- Not have a criminal record preventing receipt of federal Title IV student financial aid
- Complete the Free Application for Federal Student Aid (FAFSA) or the FAFSA4caster
- Achieve at least a 2.0 cumulative grade point on a 4.0 scale at the end of the fall semester. This can be at the end of the initial payment period for non-semester- based programs; and otherwise maintain satisfactory academic progress as defined by your school
- Complete 12 semester credit hours or the equivalent (6 hours during the summer term) each term in which you receive an A+ award
13. Rhode Island Promise
The Rhode Island Promise is a first-dollar scholarship that covers the cost of two years at the Community College of Rhode Island after federal grants. You must enroll at CCRI the semester immediately after graduating high school or receiving your GED if you’re younger than 19.Your family income doesn’t matter. Non-citizen Rhode Island residents are also eligible.
This community college scholarship is for full-time students (30 credits per year) who can maintain a 2.5 GPA or higher. You only have to complete the FAFSA once to keep the award. The program may occasionally have enough funds to cover summer semesters. However, it may not be used for certificate or noncredit programs. Students who accept these funds are asked to commit to remain living in the state after college, but they don’t face penalties if they leave.
12. Delaware SEED Scholarship
Delaware SEED Scholarship is the second statewide scholarship that Delaware offers its student residents. As Delaware Technical Community College puts it, “If you attend a Delaware high school, keep your grades up and stay out of trouble, you can go to Delaware Tech tuition-free.” Books and course fees are not covered. SEED will also cover tuition for full-time students enrolled in an associate’s degree program at the University of Delaware. This scholarship for high school students requires Delaware residents (including undocumented students) to graduate with a 2.5 GPA. They must enroll into their college program immediately after graduation.
Students can continue receiving the award for a total of six continuous semesters, not including summer. They can be part- or full-time students. The award will also end once they complete their associate’s. To remain eligible, students must:
- Not have been or become convicted of any felony
- Apply for FAFSA annually
- Make steady academic progress toward an associate’s degree
- Maintain continuous enrollment for both the fall and spring semesters in each successive academic year, unless granted an exception
11. Tennessee Promise Program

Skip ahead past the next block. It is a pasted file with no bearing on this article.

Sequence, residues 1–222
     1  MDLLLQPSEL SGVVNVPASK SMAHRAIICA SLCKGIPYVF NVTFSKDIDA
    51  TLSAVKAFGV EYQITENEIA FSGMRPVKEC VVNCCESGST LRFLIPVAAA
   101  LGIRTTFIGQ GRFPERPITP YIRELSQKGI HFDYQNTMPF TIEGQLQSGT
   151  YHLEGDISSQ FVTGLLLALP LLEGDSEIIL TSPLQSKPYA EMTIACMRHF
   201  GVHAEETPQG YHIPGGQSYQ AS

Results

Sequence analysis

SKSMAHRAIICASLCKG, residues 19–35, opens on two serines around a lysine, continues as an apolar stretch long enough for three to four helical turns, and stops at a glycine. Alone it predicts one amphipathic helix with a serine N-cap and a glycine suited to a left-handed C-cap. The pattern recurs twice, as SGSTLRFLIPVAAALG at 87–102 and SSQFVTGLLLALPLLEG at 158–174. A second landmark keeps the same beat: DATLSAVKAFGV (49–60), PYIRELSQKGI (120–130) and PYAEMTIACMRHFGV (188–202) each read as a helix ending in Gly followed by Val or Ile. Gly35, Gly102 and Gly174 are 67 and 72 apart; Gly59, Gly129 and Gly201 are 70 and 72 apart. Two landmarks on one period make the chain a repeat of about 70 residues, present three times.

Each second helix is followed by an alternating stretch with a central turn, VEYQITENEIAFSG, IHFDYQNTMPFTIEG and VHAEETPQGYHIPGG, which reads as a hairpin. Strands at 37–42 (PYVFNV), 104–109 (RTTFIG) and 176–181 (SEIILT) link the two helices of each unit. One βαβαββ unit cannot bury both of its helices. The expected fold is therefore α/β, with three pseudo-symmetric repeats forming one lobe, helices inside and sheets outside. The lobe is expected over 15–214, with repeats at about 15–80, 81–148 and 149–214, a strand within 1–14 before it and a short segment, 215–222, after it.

The Tennessee Promise Program pays two years of tuition and fees not covered by the Pell grant, the HOPE scholarship or other state student assistance funds. Recipients can use their awards at any of Tennessee’s 13 community colleges, 27 colleges of applied technology or other eligible associate degree programs. The funding will last for five consecutive full-time semesters at a community college, eight consecutive trimesters at a TCAT (also full-time) or until graduation. This scholarship is specifically for recent high school graduates. They must apply to and enroll in an eligible institution in the fall semester following graduation or completion of GED/HiSET program.
To maintain the scholarship, you must fill out the FAFSA annually and earn a 2.0 GPA. Dubbed “both a scholarship and mentoring program,” Tennessee Promise partners with tnAchieves to offer mentor guidance and a free Summer Bridge Program. This is a three-week program that prepares incoming students and allows them a chance to test out of learning support courses at their chosen college. tnAchieves also monitors the eight-hour-per-term community service requirement, which is necessary to continue receiving the scholarship.
10. Indiana Workforce Ready Grant
The Indiana Workforce Ready Grant is one of the few statewide College Promise programs that includes nontraditional students among its eligible applicants. This scholarship program pays the tuition and mandatory fees for up to two years of a qualifying program at Ivy Tech Community College, Vincennes University or an approved workforce training provider.
The list of qualifying programs targets high-value certificate programs, selected based on factors like employer demand and wages. These programs come from the five sectors that align with Indiana’s economy:
- Advanced Manufacturing
- Building & Construction
- Health Sciences
- Information Technology & Business Technology
- Transportation & Logistics
These rapidly growing industries are said to have higher median salaried jobs.
Eligibility requirements for this grant include:
- Be an Indiana resident and a U.S. citizen or eligible non-citizen
- Have graduated high school or received a high school equivalency diploma/GED
- Complete the FAFSA
- Not have previously received a bachelor’s or an associate degree
- Enroll full-time (12+ credit hours) if you are a Dependent Student for federal financial aid purposes; or enroll half-time (typically 6-11 credit hours) if you are an Independent Student for federal financial aid purposes
- Maintain Satisfactory Academic Progress
- Meet any other minimum criteria established by the Commission
9. Hawai’i Promise